Mardo – Mardo

Mardo - Mardo
MARDO
MARDO
Released 2004 (House Of Restitution Records)

Track List:
01. Anyone But Me
02. Poor Paul
03. Big Mouth Shotgun
04. I Want A New Drug
05. Cold Creepin’
06. Son
07. Broken Bones
08. Catch A Thief
09. Told You So
10. Last Call
11. Hey Girl!
12. I’m The One

Band:
Aron Mardo – lead vocals, bass, electric piano and organ
Robert Mardo – guitars, drums and vocals

Additional Musicians:
Les Pierce – saxophone (4)

Production:
Produced and mixed by Les Pierce.

Review:
Let your mind wander for a minute. Imagine the Beatles, Kyuss and Lenny Kravitz tripping out on acid in a small hotel room and thanks to the hallucinogens, an all male orgy ensues. Now imagine that with advances in modern medicine the all-male cast in this orgy was able to produce a child. Well that child would be Mardo – ok, seeing as Mardo consists solely of two brothers, we better make that two orgy offspring.

  If that sounds rather strange, good, because Mardo is a bit strange themselves. Perhaps they wouldn’t have sounded so bizarre if it was still the 70s, but their brand of experimental retro rock is a breath of fresh air in this day and age. The brothers haven’t just honed the craft of harmonies, fuzzy guitars and distorted vocals – but more importantly, know when to apply each element.

  Things start off with the catchy and harmonic “Anyone But Me”, with a heavy beat and some short but sweet solos. That song, “Poor Paul” and “Cold Creepin'” are incredibly catchy with their overuse of “yeah, yeah”. In fact I can’t decide if I like “Poor Paul” or “Cold Creepin'” better, both are like listening a 70s rock version of Enuff Z’Nuff. “Broken Bones” sees the band stepping away from their trippy delivery for a straight-ahead rocker and the results are impressive. “Hey Girl!” sounds like a mellow Bon Jovi number during the verse before shifting into a Cheap Trick like chorus.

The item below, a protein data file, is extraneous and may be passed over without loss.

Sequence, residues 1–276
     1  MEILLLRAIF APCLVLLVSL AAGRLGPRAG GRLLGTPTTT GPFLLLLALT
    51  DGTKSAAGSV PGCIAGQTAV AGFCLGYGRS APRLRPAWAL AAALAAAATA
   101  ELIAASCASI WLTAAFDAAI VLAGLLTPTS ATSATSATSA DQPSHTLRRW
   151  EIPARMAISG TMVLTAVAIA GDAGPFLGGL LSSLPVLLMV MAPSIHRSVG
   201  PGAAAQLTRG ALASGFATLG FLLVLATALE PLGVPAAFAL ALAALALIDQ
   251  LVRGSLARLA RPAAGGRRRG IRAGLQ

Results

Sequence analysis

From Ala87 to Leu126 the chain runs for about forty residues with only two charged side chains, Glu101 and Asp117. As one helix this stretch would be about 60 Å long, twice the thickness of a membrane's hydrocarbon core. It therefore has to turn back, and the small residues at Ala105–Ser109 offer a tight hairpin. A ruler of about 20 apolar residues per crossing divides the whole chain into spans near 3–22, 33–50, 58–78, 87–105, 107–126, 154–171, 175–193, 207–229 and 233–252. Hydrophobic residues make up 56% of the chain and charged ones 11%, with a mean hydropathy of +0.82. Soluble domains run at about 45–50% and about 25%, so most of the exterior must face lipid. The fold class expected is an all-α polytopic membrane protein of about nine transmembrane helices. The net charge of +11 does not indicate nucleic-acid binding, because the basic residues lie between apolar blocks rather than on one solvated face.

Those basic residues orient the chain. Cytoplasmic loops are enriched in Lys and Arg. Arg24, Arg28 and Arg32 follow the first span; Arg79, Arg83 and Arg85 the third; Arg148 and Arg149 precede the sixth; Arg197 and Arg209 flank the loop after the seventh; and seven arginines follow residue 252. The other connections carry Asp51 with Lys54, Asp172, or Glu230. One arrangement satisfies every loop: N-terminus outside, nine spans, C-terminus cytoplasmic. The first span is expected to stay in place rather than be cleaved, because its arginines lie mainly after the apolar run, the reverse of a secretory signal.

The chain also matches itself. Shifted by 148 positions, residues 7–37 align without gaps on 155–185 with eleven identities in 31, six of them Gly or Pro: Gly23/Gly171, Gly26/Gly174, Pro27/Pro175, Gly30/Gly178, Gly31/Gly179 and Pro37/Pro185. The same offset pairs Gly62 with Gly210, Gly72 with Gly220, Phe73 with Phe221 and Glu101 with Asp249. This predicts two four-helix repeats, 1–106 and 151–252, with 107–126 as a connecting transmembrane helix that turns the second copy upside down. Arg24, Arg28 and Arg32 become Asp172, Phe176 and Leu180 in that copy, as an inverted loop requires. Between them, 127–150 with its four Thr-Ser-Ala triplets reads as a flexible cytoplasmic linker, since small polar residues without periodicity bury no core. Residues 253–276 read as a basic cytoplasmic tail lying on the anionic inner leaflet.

This is a cool album that has many faces and walks the fine line between originality and retro. Occasionally the distortion and effects just become too much, like on the cover of “I Want A New Drug” – but for the vast majority of the album the brothers mix together the right amount of ingredients. Sound samples can be found at www.mardomusic.com.

Reviewed by Skid for Sleaze Roxx, February 2005.

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